Recent data have shown that allopurinol use is associated with an improved renal function (or slowing its decline or reduction in proteinuria) in both randomised trials3–8 and observational studies.9–11 Studies of animal models of renal injury have also reported a beneficial effect of allopurinol on renal function,12–16 further supporting this association. Additional evidence comes from the observation that gout, a disease characterised by hyperuricemia, is an independent risk factor for progression of renal failure.17 Given long experience with the safety profile of allopurinol and the evidence to date, a $24.3 million federally funded randomised study is under way to assess whether allopurinol can prevent renal function loss in diabetes.18 One in 10 American adults, or roughly 20 million, have chronic kidney disease (CKD). The incidence of CKD in the USA elderly increased significantly from 2% in 2000 to 4.5% in 2008 and the prevalence increased from 18.8% in 1988–1994 to 24.5% to 2003–2006.19 Thus, CKD is associated with significant population burden. While many studies have shown that allopurinol use is associated with an improvement in renal function,3–11 it is not known whether the magnitude of this benefit varies by allopurinol dose or the duration of use. Therefore, our objective was to examine this question among elderly Americans. We hypothesised that in elderly patients without underlying renal disease and with allopurinol use (1) allopurinol dose and (2) the duration of allopurinol use will each be independently associated with the risk of incident renal failure. We also explored whether allopurinol dose and duration were associated with the risk of acute renal failure and end-stage renal disease (ESRD) including haemodialysis. ## Methods ### Study design and data sources We conducted a retrospective cohort study using Medicare claims data from 2006 to 2012 on a national 5% random sample of Medicare beneficiaries, obtained from the Centers for Medicare and Medicaid Services Chronic Condition Data Warehouse. For each beneficiary, data included information on demographics and insurance coverage; claims for inpatient, outpatient, skilled nursing facility, non-institutional provider, home health, hospice, durable medical equipment services; and claims for prescription drugs. ### Eligible population and outcomes Eligible subjects for the cohort study were Medicare beneficiaries who were 65 years of age or older (age for becoming eligible for the Medicare programme); lived in the USA; were enrolled continuously in traditional Medicare fee-for-service and pharmacy coverage (parts A, B and D) and not enrolled in Medicare Advantage Plan (a health maintenance organization (HMO) plan); and who were newly treated with allopurinol. We defined new episode of treatment with allopurinol as a filled allopurinol prescription after a baseline period of 183 days during which no allopurinol prescription was filled. Baseline patient characteristics were derived from the Medicare denominator file, which included age, gender, race/ethnicity, residence (north-east, south, midwest, west and California). Comorbidity scores in the baseline period for each episode were derived using the Charlson–Romano comorbidity index score, developed for claims data analysis.20 This comorbidity index includes myocardial infarction, congestive heart failure, peripheral vascular disease, cerebrovascular disease, diabetes, as well as other illnesses such as dementia, liver disease, pulmonary disease, rheumatic disease, etc. The main outcome of interest was incident renal failure, that is, the first occurrence of renal failure during the follow-up, with an absence of this diagnosis in the previous 183 days. We identified renal failure by examining the claims for International Classification of Diseases, ninth revision, common modification (ICD-9-CM) codes, 582.xx, 583.xx, 585.xx, 586.xx or 588.xx. For each episode, follow-up began on the earliest allopurinol initiation date during the study period and ended on the earliest of first date of renal failure, losing full Medicare coverage, the date of death or end of the study (31 December 2012). Patients could contribute multiple allopurinol treatment episodes during different time periods. Episodes with patients having renal failure diagnosis within baseline period (183 days before the episode initiation date) were not included for main analysis. We also explored the association of allopurinol use with acute renal failure (ICD-9-CM, 584.xx) or haemodialysis (585.6 or procedure code 39.95), using similar baseline exclusion of renal disease, as described above. ### Allopurinol exposure A filled prescription of allopurinol was characterised as allopurinol exposure/treatment based upon the days' supply for prescription in pharmacy records and a stock carry over not exceeding 30 days after the end of days' supply of allopurinol for prescription. Patients were considered exposed for 30 days after the end of days' supply to capture the attributable events. This 30-day grace period was allowed for two reasons: (1) most patients have some extra days of medication supply due to imperfect adherence and (2) because some residual beneficial effects of allopurinol could extend beyond the last day of use. ### Potential predictors of renal failure and covariates We examined two predictors, the allopurinol dose and the duration of allopurinol use. The average daily allopurinol dose was calculated as the mean allopurinol use per day for each continuous allopurinol episodes and categorised as 1–199, 200–299 and ≥300 mg/day. Continuous allopurinol episode ended after 30 days of the end of allopurinol exposure. If there were more than 30 days between prescription fills, a new allopurinol exposure started and the duration of allopurinol treatment was calculated. Duration of allopurinol use was categorised as 1–180 days, 181–365 days, >1 to 2 years and longer than 2 years. Covariates included age at the start of each episode, sex, race/ethnicity, the Charlson–Romano comorbidity score and the use of beta-blockers, ACE inhibitors, statins and diuretics. ### Statistical analysis The primary analysis included allopurinol episodes with episodes of incident renal failure (ie, no renal failure in the prior baseline period). We compared demographic and clinical characteristics between allopurinol episodes during which patients did versus did not develop incident renal failure in the follow-up period. Cox proportional hazard regression models assessed the association of average daily allopurinol dose and of allopurinol use duration with incident renal failure, using hazard ratio (HR). Univariate and multivariable-adjusted models included age, gender, race, Charlson–Romano comorbidity score and the use of medications for cardiovascular diseases (beta-blockers, ACE inhibitors, statins and diuretics), allopurinol use and the duration of allopurinol use. Since patients could possibly contribute more than one episode of new allopurinol use, we accounted for these correlations using the Huber–White ‘sandwich’ variance estimator and calculated robust standard errors for all estimates.21 Four sets of sensitivity analyses were conducted by (1) extending the baseline period from 183 days (as in the main analysis) to 365 days; (2) adjusting the main model for gout, a potential risk factor for renal failure; (3) limiting to ICD-9-CM codes 582.xx and 585.xx, more specific codes for renal failure; and (4) using the exact dose of allopurinol rather than the average daily allopurinol dose. Exploratory analyses examined the association of allopurinol dose and use duration with acute renal failure or ESRD. ## Results ### Patient and cohort characteristics We identified 30 022 allopurinol treatment episodes with no history of renal failure during baseline period meeting eligibility criteria. Among these episodes, 8314 episodes ended with incident renal failure events (of which 5731 cases occurred during the allopurinol exposure) and 21 708 episodes ended without incident renal failure (figure 1); respective mean ages were 77 and 75 years (table 1). Overall, the treatment episodes were very similar between allopurinol episodes with and without renal failure except a higher Charlson–Romano comorbidity score (mean of 1.91 vs 1.38) in the episodes with versus without incident renal failure (table 1). Table 1 Demographic and clinical characteristics of episodes of allopurinol use ending or not ending in incident renal failure Figure 1 Flow chart of study cohort of incident allopurinol users from 2006 to 2012 with baseline of 183 days. DC, District of Columbia; HMO, health maintenance organization; NE, number of episodes eligible. We had 10.9 million person-days of follow-up for allopurinol exposure. Rates of incident renal failure by allopurinol doses 1–199, 200–299 and ≥300 mg/day were 66, 49 and 43 per 100 000 person-days (table 2). Crude incidence rates of renal failure by allopurinol use duration are shown in table 2. Table 2 Incidence rate of renal failure in allopurinol-exposed patients by dose and duration ### Allopurinol dose, allopurinol use duration and incident renal failure Univariate Cox proportional hazard regression analysis indicated that allopurinol daily dose, older age, female gender, black race, Charlson-Romano comorbidity index, beta-blocker use and diuretic use were associated with a higher risk of incident renal failure (table 3). Compared with allopurinol dose of 1–199 mg/day, higher allopurinol doses of 200–299 mg/day (HR 0.77; 95% CI 0.72 to 0.83) or ≥300 mg/day (HR 0.65; 95% CI 0.62 to 0.69) were associated with significantly lower hazard of incident renal failure. Table 3 Association of allopurinol dose and use duration with incident renal failure After multivariable adjustment for age, race, gender and Charlson–Romano comorbidity score (model 1, table 3), compared with allopurinol dose of 1–199 mg/day, both allopurinol doses of 200–299 mg/day (HR 0.81; 95% CI 0.75 to 0.87) and ≥300 mg/day (HR 0.71; 95% CI 0.67 to 0.76) were associated with significantly lower hazards of incident renal failure. Subsequent regression model that additionally adjusted for allopurinol use duration and the use of statins, beta-blockers, diuretics and ACE inhibitors confirmed the robustness of these associations with no change in HR or statistical significance (model 2, table 3). Sensitivity analysis that extended the baseline period to 365 days confirmed the association of higher allopurinol daily doses with incident renal failure as noted in the main analyses with minimal differences, 200–299 mg/day (HR 0.84; 95% CI 0.76 to 0.92) and ≥300 mg/day (HR 0.76, 95% CI 0.71 to 0.82) (table 4). In this analysis, we also found that compared with 1–180 days (<0.5 year) year of use, longer allopurinol use durations (>1 year) were now associated with significantly lower hazards of incident renal failure: 0.5–1 year, 1.00 (95% CI 0.88 to 1.55); >1–2 years, 0.85 (95% CI 0.73 to 0.99); and >2 years, 0.81 (95% CI 0.67 to 0.98), unlike the main analysis (table 4). Sensitivity analyses that adjusted for a diagnosis of gout showed that allopurinol dose, but not use duration, was associated with incident renal failure, with essentially no attenuation of HRs, similar to the main analysis (see online supplementary appendix 1). Sensitivity analysis limiting the definition of renal failure to specific codes for chronic renal failure (582.xx, 585.xx only) showed no attenuation of HR for allopurinol dose or duration of use (see online supplementary appendix 2). Sensitivity analysis using the exact use of the allopurinol rather than the average daily use of allopurinol yielded very similar results (data not shown). Table 4 Sensitivity analysis: association of allopurinol dose and use duration with incident renal failure (baseline period, 365 days instead of 183 days) ### Supplementary appendix 1 ### Supplementary appendix 2 ### Allopurinol and the risk of incident acute renal failure or ESRD Multivariable-adjusted analyses showed the allopurinol doses, 200–299 and≥300 mg/day, were associated with 0.91 (95% CI 0.85 to 0.99) and 0.89 (95% CI 0.83 to 0.94) hazards of acute renal failure compared with <200 mg/day allopurinol dose (see online supplementary appendix 2). Higher allopurinol dose was protective against the risk of ESRD; respective HRs were 0.77 (95% CI 0.60 to 0.99) and 0.57 (95% CI 0.46 to 0.71). The duration of allopurinol use was not significantly associated with reduced risk of acute renal failure or ESRD (see online supplementary appendix 2). ## Discussion In this retrospective cohort study using the 5% Medicare data, we examined whether allopurinol dose and duration were independently associated with a lower hazard ratio for incident renal failure in the elderly who were allopurinol users. Higher allopurinol dose was associated with a lower hazard for incident renal failure, with a dose–response relationship. Allopurinol use duration was associated with a protective effect in sensitivity analysis, but not in the main analysis. In exploratory analyses, allopurinol dose was associated with a lower hazard ratio for acute renal failure and haemodialysis. These observations are novel and merit further discussion. In this large sample of US elderly 65 years or older, using an incident user design, we found that higher average daily allopurinol use was independently associated with a lower risk of incident renal failure. Several randomised trials3–7 and observational studies9–11 have shown that allopurinol use is associated with a lower risk of CKD or better renal function. A meta-analysis of randomised trials of ULT concluded that ULT use was associated with a decrease in serum creatinine and an increase in estimated glomerular filtration rate (eGFR).22 The novel contributions of our study are the findings related to allopurinol dose and duration and the risk of incident renal failure. The associations were independent of several other factors, including race, age, gender, comorbidity and the use of common medications for cardiovascular disease (statins, beta-blockers, diuretics, ACE inhibitor). We found that higher allopurinol doses were associated with lower risk of incident renal failure in allopurinol users. We noted a dose–response relationship—allopurinol doses of 200–299 and ≥300 mg/day were associated with HRs of 0.81 and 0.71 in the main multivariable-adjusted analyses and 0.83 and 0.76 in the sensitivity analyses. Our study finding fulfils two additional Bradford–Hill's criteria for causation versus association23 for this relationship, that is, the biological gradient (allopurinol dose effect) and temporality (incident user design with allopurinol exposure preceding the outcome, renal failure). Other criteria, including consistency in observations, plausibility, coherence between clinical and animal models, are supported by the previous evidence.3–11 A biological rationale for this benefit can be postulated based on several potential mechanisms: (1) anti-ischaemic effect of allopurinol due to free radical scavenging12 ,24 ,25 and (2) observations that hyperuricemia is associated with proinflammatory state26 and renal endothelial dysfunction27 and therefore urate-lowering with allopurinol may lead to reduction of proinflammatory state. Our data did not have serum urate data, a study limitation. Therefore, we could not assess as to what proportion of the variability in renal failure prevention was related to urate-lowering versus an independent non-urate-lowering action of allopurinol. There are several important clinical implications of these findings. Our findings strengthen the emerging literature regarding the association of allopurinol use with better renal outcomes in patients with hyperuricemia. Several randomised trials showed that allopurinol use led to either improvement in renal function or slowing of progression of renal disease or proteinuria.3–8 Therefore, we did not focus on comparing allopurinol use versus non-use in our study. Instead, we focused on studying the association of allopurinol dose and duration with incident renal failure. Allopurinol, a cheap and affordable ULT, costs only a few cents a pill in the USA and is available for a$4 co-pay at several pharmacies.28 Allopurinol is the most commonly used treatment for hyperuricemia in settings of gout, the most common inflammatory arthritis in adults;29–31 allopurinol leads to lowering of serum uric acid and its use is thus associated with reduction in gouty tophi and gout flares.32–34 Given the suboptimal rates of allopurinol initiation and a low allopurinol adherence in gout1 ,35 ,36 and renal-protective effect of allopurinol doses 200 mg/day or higher shown in our study, now there is an additional rationale for implementing initiatives to optimise allopurinol use in patients with gout. Although our study included all allopurinol users, not just patients with gout, findings may be generalisable to gout since the most common indication for allopurinol is gout. Our study findings raise the question whether the risk–benefit ratio of treating asymptomatic hyperuricemia (without gout) with allopurinol changes with this evidence. While allopurinol is generally well tolerated, rare hypersensitivity reactions occur.37 ,38 We believe that if these findings are replicated in future studies, a reassessment of risk–benefit ratio for using allopurinol in asymptomatic hyperuricemia may be needed. Separate studies in people with asymptomatic hyperuricemia are needed.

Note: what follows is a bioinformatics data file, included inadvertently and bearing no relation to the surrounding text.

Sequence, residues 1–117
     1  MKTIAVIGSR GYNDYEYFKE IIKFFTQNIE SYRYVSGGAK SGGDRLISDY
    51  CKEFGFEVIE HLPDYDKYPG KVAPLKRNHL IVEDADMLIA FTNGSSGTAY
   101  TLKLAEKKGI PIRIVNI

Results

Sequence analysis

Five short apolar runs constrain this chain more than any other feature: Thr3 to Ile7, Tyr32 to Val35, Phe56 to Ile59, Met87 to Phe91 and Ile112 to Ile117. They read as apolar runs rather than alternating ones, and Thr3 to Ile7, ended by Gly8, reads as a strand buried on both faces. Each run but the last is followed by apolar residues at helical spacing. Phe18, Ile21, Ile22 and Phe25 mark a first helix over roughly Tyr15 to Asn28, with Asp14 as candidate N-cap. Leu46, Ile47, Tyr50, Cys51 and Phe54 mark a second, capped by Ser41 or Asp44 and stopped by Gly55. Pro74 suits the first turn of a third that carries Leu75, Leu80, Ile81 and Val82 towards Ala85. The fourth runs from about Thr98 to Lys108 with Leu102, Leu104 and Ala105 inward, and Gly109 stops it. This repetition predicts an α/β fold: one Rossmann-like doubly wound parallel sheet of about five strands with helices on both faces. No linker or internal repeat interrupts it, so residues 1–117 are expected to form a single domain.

Whether the duration of allopurinol use is associated with the risk of incident renal failure is not clear from our analyses. To our knowledge, there are no published data to compare our findings with. In our main analysis with 183 days as the baseline look-back period, there was no significant association, but in the sensitivity analyses with 365 days as the baseline look-back period, both allopurinol use for >1 to 2 years and >2 years were associated with 15% and 19% reduction in hazards of incident renal failure, respectively. This is an important question to explore in future studies.